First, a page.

Scottish Rugby News and Opinion


Glasgow Warriors 23 – 22 Edinburgh

Glasgow vs Edinburgh - graphic © Scottish Rugby Blog

1872 Cup: Part 2, eventually took place at Scotstoun, and although Richard Cockerill had suggested going to the theatre if you wanted entertainment, Danny Wilson would be forgiven for standing on the middle of the pitch like Russell Crowe in ‘Gladiator’, asking: “Are you not entertained?”

Ross Thompson’s kick-off saw Glasgow put early pressure on the Edinburgh exit and despite Nic Groom’s boot to touch which took Warriors back to near half-way, some rapid-fire play won Glasgow a penalty which Thompson thumped over.

A big issue for Warriors’ in the first encounter between the two sides was Edinburgh’s dominance at the set-piece, but Glasgow won the penalty at the first scrum which Thompson put into the 22.

George Turner’s arrow was a bit sloppy looking, and although Matt Fagerson tidied it up, Edinburgh showed good line speed to force Robbie Fergusson into a knock-on.

Edinburgh’s scrum held up solidly only for the giant limbs of Richie Gray to block Groom’s clearing kick and the rebounding ball was knocked on by Edinburgh. It led to another penalty win for Glasgow, Aki Sieuli – who had been crushed in the last encounter by WP Nel – again getting pats on the back for his contribution, and Thompson, in squalid kicking conditions, hit the target.

Huw Jones knocked on the wind-affected restart, and a few phases later Sieluli was caught offside for Jaco van der Walt to half the deficit.

Some tight scrum battles in the midfield ended with a glorious bit of booting from van der Walt which stuck Glasgow back in their 22, but when there’s the giant Richie Gray in the line-out – whom George Turner had admitted during the week “If I do a crap throw, he saves me sometimes” – it helps.

That danger was cleared but Edinburgh gained a bit of ascendency over the next few minutes. The Burgh boys could’ve equalised with an easy looking penalty, but they went to the line, albeit with premier line-out jumper Ben Toolis being a late injury withdrawal for Charlie Hodgson.

The maul went nowhere, van der Walt flung a nice pass out wide to Farndale who was snaffled by Huw Jones, but Ali Price and George Turner held their man (think it was Watson) up with a choke tackle to win the put-in for Glasgow.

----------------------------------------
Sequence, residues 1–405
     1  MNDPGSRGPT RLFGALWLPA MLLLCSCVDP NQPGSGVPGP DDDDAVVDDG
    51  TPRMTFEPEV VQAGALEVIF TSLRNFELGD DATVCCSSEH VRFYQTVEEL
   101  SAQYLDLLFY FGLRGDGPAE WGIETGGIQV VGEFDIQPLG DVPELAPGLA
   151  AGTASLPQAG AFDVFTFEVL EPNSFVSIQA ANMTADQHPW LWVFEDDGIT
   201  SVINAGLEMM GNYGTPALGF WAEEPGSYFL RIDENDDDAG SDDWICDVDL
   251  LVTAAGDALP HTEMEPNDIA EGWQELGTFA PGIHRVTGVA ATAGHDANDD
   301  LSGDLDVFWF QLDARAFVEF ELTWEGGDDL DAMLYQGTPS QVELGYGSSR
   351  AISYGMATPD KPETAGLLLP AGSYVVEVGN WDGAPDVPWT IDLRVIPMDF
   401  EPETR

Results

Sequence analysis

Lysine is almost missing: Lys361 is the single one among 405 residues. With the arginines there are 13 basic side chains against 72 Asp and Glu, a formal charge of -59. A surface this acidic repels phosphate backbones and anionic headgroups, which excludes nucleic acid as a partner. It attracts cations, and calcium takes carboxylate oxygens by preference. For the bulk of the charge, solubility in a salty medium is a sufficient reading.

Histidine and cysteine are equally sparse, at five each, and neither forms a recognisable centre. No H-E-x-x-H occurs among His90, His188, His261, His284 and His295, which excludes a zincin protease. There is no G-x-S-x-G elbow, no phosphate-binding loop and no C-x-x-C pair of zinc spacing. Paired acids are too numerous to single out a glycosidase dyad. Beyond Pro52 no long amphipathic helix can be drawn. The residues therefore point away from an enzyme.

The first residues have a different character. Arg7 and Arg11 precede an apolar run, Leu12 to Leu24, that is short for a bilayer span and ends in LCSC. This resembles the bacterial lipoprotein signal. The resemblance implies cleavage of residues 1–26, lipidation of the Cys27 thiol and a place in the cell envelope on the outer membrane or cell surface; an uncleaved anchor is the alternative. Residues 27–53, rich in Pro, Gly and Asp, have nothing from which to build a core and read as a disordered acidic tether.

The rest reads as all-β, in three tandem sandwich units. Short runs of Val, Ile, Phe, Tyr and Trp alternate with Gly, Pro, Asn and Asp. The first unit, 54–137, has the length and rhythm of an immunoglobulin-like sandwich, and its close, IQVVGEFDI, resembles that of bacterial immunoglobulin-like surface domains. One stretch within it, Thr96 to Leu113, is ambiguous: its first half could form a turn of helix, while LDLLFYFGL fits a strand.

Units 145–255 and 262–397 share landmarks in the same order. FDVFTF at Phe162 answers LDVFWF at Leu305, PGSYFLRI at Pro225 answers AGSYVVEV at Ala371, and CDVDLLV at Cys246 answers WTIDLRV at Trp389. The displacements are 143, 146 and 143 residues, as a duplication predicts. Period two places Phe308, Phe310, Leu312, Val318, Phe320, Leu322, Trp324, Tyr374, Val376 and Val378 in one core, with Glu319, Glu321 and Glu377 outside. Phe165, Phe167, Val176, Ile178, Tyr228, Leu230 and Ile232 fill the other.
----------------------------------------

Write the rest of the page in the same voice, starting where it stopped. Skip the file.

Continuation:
A few minutes of nothing happened until Grant Gilchrist went to charge down an Ali Price box-kick, which Turner blocked by taking a step and dipping the shoulder in, which saw the Glasgow hooker take a 10-min seat and Edinburgh win a penalty just inside the Glasgow half.

Edinburgh went to the corner, as they had done frequently in the first encounter, but as had happened in that game, the giraffe-like limbs of Richie Gray went up and nicked it.

Although Gray had managed to knock it back, Lee Jones was hauled over his own line by Rory Sutherland, and eventually Farndale found a bit of space on the right to weave into the corner.

Van der Walt converted magnificently into the wind to give Embra a 10-6 lead with 90secs left, which was followed rather hilariously with Nic Groom assuming that a passing train’s hooter had called for half-time, so he booted it out under no pressure in his 22.

A quick line-out led to a penalty which Price tapped and went with, Edinburgh were caught offside and Thompson knocked over another penalty to reduce to the slimmest margin as the half ended.

Half-time: Glasgow Warriors 9 – 10 Edinburgh

Kinghorn’s kick-off felt the full force of the wind and barely went 7m, but the bounce of the ball nearly turned into their favour when Glasgow were forced to play it and Mata took a belter of a Garryowen which had held up in the wind, only for Kinghorn to then fling the ball into touch with a possible overlap wide left.

Mata then got pinged for a high hit on Thompson, Turner came back on of the bin and made some metres off the back of the maul, and with penalty advantage Matt Fagerson bundled over after a solid incursion from Sieuli had got Warriors to within 5m.

Youngster Rufus MacLean showed how wingers should enter rucks; take note Liam Williams, to force an error at the breakdown from Magnus Bradbury, and off the set-piece play Huw Jones straightened up and took Warriors deep into the Edinburgh 22.

Van der Walt saw yellow for slowing the ball down, and Turner showed his prowess from the back of the maul by latching on and diving over, and Thompson’s trustworthy boot extended the lead which gave Richard Cockerill the chance to shore up the Edinburgh scrum by bringing on Pierre Schoeman and WP Nel.

Edinburgh responded within seconds, a fantastic break off a line-out by Dave Cherry was taken on by Hamish Watson and Chris Dean was on his right shoulder to score a lovely try which had started on the halfway line, which former Warrior, Mark Bennett converted with van der Walt on the naughty step.

Although down to 14, Edinburgh started to dominate and thought they had scored again only for Schoeman to be pinged for a double movement just after the hour mark.

Another tidy shift from Richie Gray was then ended by the return of another former superstar and club legend: Leone Nakarawa.

He got involved as Glasgow chucked it wide, Fergusson hacked ahead with little on, and Kinghorn’s lackadaisical attempt to clear was charged down by the all-action Thompson, but Glasgow knocked on when within 15m of the try-line.

With Schoeman and Nel now on, Edinburgh knew they had the upper hand at the scrum, won a penalty and started to motor upfield, only for the mulleted-monster Hamish Watson to knock-on as they swiftly moved forwards.